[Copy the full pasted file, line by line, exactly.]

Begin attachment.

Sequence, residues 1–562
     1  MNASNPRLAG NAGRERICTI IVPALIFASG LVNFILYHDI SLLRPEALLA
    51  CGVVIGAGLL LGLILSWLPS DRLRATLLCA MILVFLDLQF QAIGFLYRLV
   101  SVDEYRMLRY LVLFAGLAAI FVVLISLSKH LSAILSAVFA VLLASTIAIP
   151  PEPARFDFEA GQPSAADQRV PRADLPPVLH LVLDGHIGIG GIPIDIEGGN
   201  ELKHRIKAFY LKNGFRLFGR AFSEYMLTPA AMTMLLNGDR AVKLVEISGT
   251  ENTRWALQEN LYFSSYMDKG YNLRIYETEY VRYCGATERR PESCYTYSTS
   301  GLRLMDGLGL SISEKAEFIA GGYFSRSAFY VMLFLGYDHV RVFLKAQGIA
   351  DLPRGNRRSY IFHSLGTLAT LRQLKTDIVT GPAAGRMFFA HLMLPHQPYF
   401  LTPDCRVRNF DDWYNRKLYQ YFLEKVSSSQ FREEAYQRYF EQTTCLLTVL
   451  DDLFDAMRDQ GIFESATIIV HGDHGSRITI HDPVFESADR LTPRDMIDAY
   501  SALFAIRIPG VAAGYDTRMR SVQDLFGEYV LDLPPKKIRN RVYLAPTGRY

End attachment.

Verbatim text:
Sequence, residues 1–562
     1  MNASNPRLAG NAGRERICTI IVPALIFASG LVNFILYHDI SLLRPEALLA
    51  CGVVIGAGLL LGLILSWLPS DRLRATLLCA MILVFLDLQF QAIGFLYRLV
   101  SVDEYRMLRY LVLFAGLAAI FVVLISLSKH LSAILSAVFA VLLASTIAIP
   151  PEPARFDFEA GQPSAADQRV PRADLPPVLH LVLDGHIGIG GIPIDIEGGN
   201  ELKHRIKAFY LKNGFRLFGR AFSEYMLTPA AMTMLLNGDR AVKLVEISGT
   251  ENTRWALQEN LYFSSYMDKG YNLRIYETEY VRYCGATERR PESCYTYSTS
   301  GLRLMDGLGL SISEKAEFIA GGYFSRSAFY VMLFLGYDHV RVFLKAQGIA
   351  DLPRGNRRSY IFHSLGTLAT LRQLKTDIVT GPAAGRMFFA HLMLPHQPYF
   401  LTPDCRVRNF DDWYNRKLYQ YFLEKVSSSQ FREEAYQRYF EQTTCLLTVL
   451  DDLFDAMRDQ GIFESATIIV HGDHGSRITI HDPVFESADR LTPRDMIDAY
   501  SALFAIRIPG VAAGYDTRMR SVQDLFGEYV LDLPPKKIRN RVYLAPTGRY